Apparently File Sight can't make the distinction between listing files in a folder without opening them (registers it as a "read") or actually opening files (which is also registered as a "read"). This is how Windows stores the events in the event log when auditing is enabled.

I need to be a 100% certain that a file has been opened by the user. How do I accomplish this with File Sight?

asked 16 Apr '15, 07:47

smyttie's gravatar image

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Hi Smyttie,

You could make a few some adjustments to your monitor. The first would be to ignore the process that is listing your files. Listing files is usually done by using Windows File Explore. You can ignore that process marking the explorer process in the Ignore tab called Processes. The second option is to raise the "Minimum # of bytes read or written in order to get a reported" from 25 to another number that you fell will better fit your needs.

File Sight - File Access Monitor


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answered 17 Apr '15, 11:13

Quinn's gravatar image

Quinn ♦♦
accept rate: 35%

Hi Quinn,

thanks for your reply. I have a remark on both of your suggestions :

  • ignoring "explorer" is not very helpful because 99% of access is by "system or network"
  • "minimum bytes" value is at the standard 25 bytes, but even 2 byte files are reported, although they are not opened

I run this on a file server with Windows 2012 Standard and folders/files are managed with DFS.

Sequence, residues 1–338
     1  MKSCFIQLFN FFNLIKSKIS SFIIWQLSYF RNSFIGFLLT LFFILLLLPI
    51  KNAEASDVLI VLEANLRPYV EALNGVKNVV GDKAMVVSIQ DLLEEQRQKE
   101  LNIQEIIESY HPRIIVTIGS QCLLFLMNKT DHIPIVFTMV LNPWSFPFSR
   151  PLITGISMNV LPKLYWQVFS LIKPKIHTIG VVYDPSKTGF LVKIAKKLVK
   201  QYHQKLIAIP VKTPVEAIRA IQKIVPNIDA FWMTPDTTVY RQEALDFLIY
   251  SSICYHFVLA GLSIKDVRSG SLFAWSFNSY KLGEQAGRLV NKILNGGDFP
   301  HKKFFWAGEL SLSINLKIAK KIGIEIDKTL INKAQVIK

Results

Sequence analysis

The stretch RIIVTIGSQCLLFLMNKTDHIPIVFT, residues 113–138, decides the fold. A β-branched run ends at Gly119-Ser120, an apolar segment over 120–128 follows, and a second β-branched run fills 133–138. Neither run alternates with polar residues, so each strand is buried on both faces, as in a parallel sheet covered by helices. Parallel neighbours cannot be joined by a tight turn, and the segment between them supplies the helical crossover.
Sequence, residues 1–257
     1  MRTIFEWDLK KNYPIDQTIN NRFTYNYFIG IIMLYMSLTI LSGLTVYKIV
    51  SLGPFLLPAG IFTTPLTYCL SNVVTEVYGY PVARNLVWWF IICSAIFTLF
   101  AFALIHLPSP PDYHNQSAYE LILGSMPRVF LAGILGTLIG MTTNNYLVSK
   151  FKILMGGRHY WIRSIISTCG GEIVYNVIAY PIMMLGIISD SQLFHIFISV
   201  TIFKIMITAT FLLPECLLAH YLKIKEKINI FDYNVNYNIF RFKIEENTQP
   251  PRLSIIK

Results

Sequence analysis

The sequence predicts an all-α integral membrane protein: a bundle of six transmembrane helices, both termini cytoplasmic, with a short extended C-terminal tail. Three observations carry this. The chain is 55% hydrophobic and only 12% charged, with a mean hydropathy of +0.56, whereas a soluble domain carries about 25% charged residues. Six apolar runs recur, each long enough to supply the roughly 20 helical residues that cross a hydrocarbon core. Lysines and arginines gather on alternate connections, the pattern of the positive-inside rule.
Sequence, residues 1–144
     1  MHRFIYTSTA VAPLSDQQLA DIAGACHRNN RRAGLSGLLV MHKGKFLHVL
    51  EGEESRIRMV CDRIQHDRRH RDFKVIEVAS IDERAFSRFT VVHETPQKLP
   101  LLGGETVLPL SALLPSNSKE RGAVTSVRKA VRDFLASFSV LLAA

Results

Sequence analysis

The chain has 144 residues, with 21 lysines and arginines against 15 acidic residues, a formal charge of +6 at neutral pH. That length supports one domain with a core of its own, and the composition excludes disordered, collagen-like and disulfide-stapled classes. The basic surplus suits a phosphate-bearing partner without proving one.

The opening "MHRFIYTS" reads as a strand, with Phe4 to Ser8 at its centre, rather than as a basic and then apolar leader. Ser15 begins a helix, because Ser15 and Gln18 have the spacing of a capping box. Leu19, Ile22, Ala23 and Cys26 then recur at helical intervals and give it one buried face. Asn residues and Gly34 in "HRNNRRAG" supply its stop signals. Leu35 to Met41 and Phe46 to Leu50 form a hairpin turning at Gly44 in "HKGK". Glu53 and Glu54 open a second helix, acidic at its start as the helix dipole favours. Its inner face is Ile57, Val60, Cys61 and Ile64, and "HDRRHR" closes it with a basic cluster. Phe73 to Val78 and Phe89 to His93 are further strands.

I find it very weird that Microsoft or any other company (I have tested several tools) are not able to tell me with certainty, in a simple way, if a file was opened or not.

Best regards, Smyttie


answered 20 Apr '15, 01:58

smyttie's gravatar image

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No tweaks, tuning, any tips? Anyone?


answered 24 Apr '15, 06:43

smyttie's gravatar image

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The problem is Windows Explorer will open and read a little bit of the file when it is 'listed' to help it decide which icon to show. That's every bit as much of a read file as if Word had read the file in. The difference though is Explorer will just read a small amount, maybe 100 bytes. So for most files that are typically at least a few KB, ignoring those small file reads effectively filters out Explorer's 'listing' of files.


answered 07 May '15, 23:47

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Doug ♦♦
accept rate: 21%

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Asked: 16 Apr '15, 07:47

Seen: 8,856 times

Last updated: 07 May '15, 23:47